Issues of Interest

RED SNAPPER In April, the National Oceanic and Atmospheric Administration announced a nine-day season for the harvest of red snapper in federal waters of the Gulf of Mexico. The season started June 1st and ended on June 10th. To make up for lost opportunity due to Tropical Storm Colin, Governor Scott sent a request to the U.S. Department of Commerce on June 8th to extend the season by three weekend days (Friday, Saturday, Sunday) before July 1st. The Governor’s request was granted and the season  closed in federal waters Sunday, June 12th, at 12:01 a.m., extended by two extra days.

MANATEES The U.S. Fish and Wildlife Service is considering removing manatees from the endangered species list. Manatee populations have grown in Florida to roughly 6,300 since 1991 when there were less than 1,300. Critics say removing the animals from the list may lead to habitat loss being accelerated by looser restrictions on coastal development or other human impacts that have been prevented due to their current endangered status.

NILE CROCODILES IN FLORIDA Researchers recently confirmed that three crocodiles captured in 2009, 2011 and 2014 near Miami, are Nile crocodiles. The captured crocs matched genetically, meaning they are related to one another, but did not match Nile crocs kept at licensed Florida attractions. This means they were probably brought to Florida illegally by an unlicensed reptile collector. About 1,000 American crocodiles, less aggressive than their Nile relatives, live in mangroves and estuaries of South Florida.

In related news, tragedy struck a Nebraska family visiting Disney World on the evening of June 14th when an alligator dragged their 2-year-old from the shore of a lagoon on Disney property. The toddler’s body was recovered the next day. Alligator attacks in Florida are rare, with deaths even more rare. Only 16 fatal alligator attacks have been recorded in the state since 1997.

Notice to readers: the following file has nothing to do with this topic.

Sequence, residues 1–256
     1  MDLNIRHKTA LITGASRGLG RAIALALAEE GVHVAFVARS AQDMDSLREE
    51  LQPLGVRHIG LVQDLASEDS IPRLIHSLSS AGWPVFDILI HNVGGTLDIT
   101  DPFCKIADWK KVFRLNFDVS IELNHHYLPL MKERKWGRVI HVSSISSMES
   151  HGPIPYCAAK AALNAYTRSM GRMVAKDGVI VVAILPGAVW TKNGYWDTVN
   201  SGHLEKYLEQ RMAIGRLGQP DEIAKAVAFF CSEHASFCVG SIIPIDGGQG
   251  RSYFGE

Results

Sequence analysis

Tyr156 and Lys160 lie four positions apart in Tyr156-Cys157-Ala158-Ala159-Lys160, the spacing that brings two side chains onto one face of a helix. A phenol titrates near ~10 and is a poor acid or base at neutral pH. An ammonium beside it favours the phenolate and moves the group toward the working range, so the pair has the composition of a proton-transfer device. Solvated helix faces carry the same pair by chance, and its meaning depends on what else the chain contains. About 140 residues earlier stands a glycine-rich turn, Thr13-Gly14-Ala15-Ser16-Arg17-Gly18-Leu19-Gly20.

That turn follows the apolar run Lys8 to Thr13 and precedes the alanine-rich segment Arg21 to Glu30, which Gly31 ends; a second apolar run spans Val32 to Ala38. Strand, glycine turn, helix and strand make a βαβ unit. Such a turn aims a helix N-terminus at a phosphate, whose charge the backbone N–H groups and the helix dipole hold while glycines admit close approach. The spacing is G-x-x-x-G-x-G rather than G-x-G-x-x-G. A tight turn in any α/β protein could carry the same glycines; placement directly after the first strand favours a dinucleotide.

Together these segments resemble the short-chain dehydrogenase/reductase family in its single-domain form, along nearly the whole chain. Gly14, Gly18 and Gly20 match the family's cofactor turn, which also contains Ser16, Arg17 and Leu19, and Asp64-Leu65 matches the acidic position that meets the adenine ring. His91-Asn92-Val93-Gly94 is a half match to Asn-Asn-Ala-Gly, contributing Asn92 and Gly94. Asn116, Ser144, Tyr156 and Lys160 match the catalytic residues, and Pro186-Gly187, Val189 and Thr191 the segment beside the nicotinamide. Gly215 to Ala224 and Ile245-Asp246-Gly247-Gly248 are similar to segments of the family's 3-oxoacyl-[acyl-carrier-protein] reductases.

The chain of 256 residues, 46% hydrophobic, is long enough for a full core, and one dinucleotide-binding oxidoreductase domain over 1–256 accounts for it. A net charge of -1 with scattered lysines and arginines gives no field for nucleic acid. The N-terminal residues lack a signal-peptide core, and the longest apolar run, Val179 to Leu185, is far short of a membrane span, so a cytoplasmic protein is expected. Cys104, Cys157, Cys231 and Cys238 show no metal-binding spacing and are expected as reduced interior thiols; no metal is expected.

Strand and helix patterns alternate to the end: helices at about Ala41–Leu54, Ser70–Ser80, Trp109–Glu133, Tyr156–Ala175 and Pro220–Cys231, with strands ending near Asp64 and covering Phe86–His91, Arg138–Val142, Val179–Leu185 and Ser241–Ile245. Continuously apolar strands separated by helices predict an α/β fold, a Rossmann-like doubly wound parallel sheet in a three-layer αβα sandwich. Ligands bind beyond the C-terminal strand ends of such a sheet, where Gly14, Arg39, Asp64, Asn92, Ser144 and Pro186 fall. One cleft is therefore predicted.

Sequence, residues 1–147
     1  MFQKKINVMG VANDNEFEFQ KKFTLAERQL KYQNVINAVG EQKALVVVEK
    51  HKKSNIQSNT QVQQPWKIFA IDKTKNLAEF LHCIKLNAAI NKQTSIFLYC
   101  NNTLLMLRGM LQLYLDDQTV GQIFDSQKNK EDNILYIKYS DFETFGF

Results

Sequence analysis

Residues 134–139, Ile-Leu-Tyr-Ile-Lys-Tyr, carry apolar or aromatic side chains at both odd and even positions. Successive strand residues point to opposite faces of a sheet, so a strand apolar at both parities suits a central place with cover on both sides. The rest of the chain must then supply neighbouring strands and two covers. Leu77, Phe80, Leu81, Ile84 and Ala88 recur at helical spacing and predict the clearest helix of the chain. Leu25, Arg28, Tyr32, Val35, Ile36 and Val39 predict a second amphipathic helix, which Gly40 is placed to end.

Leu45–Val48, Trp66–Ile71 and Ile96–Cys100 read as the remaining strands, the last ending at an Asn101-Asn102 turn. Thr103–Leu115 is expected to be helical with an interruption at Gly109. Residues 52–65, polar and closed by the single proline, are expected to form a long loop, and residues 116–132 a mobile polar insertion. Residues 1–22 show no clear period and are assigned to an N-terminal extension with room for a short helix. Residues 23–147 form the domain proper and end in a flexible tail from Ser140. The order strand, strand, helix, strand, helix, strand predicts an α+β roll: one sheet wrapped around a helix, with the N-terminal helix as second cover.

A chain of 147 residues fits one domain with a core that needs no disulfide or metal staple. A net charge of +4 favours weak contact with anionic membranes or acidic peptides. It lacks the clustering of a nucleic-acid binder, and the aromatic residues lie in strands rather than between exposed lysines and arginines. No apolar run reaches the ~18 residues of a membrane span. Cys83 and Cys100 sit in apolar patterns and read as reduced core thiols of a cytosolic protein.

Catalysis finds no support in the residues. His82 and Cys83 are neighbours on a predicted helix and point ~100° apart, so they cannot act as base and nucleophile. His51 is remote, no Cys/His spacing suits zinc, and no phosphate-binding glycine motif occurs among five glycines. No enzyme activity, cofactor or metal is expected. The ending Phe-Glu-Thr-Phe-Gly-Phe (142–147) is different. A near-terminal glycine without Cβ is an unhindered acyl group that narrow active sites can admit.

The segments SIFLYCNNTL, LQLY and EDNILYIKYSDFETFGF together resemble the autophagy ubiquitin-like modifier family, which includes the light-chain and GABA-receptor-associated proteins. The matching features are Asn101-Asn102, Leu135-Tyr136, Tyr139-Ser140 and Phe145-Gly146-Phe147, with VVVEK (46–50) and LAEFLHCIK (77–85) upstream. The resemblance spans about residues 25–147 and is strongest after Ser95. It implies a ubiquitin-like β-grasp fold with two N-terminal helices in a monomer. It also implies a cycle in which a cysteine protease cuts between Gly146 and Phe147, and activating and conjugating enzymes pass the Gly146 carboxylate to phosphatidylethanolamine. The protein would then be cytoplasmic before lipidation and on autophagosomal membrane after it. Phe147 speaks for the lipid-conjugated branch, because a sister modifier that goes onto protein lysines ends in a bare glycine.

BEAR HUNT The Florida Fish and Wildlife Conservation Commission met June 22nd-23rd to decide whether or not to allow another black bear hunt this fall. Last year’s controversial hunt netted 304 bears in two days. Officials are using information from last year’s hunt and feedback from several groups to help make their case about whether they should allow another hunt later this year, delay another hunt until 2017 or prohibit a hunt for the next several years. Supporters say hunts manage the State’s growing bear population and reduce human-bear interactions. Critics want more bear-proof trash cans and the relocation of nuisance bears into wilderness areas. The commission ultimately decided not to hold a bear hunt this fall, on a 4-3 vote.

CITRUS The citrus industry received a slightly rosier forecast, predicting about 7 percent more fruit this season than earlier this year. The forecast still shows a 16 percent reduction from last year. Citrus greening remains the number one culprit. Meanwhile, the Department of Citrus presented a preliminary budget for 2016-17 in mid-May with an overall budget reduction of $9.7 million or 32 percent over the previous year. On June 14th the Florida Citrus Commission voted for a $20.7 million budget that will eliminate 20 of 46 positions at the Department.

BLUEBERRIES An unusually warm, wet winter delayed blueberry production this year in Florida. While there was not a shortage of fruit, the delay resulted in lower prices for Florida’s farmers as they had to compete with other states when their berries were ready for market at the same time.

EVERGLADES NATIONAL PARK STAMP The U.S. Postal Service is offering a block of 16 National Park “Forever” stamps to commemorate the 100th anniversary of the National Park Service. Included in the stamps is an image of Everglades National Park, the largest subtropical wilderness in the United States.

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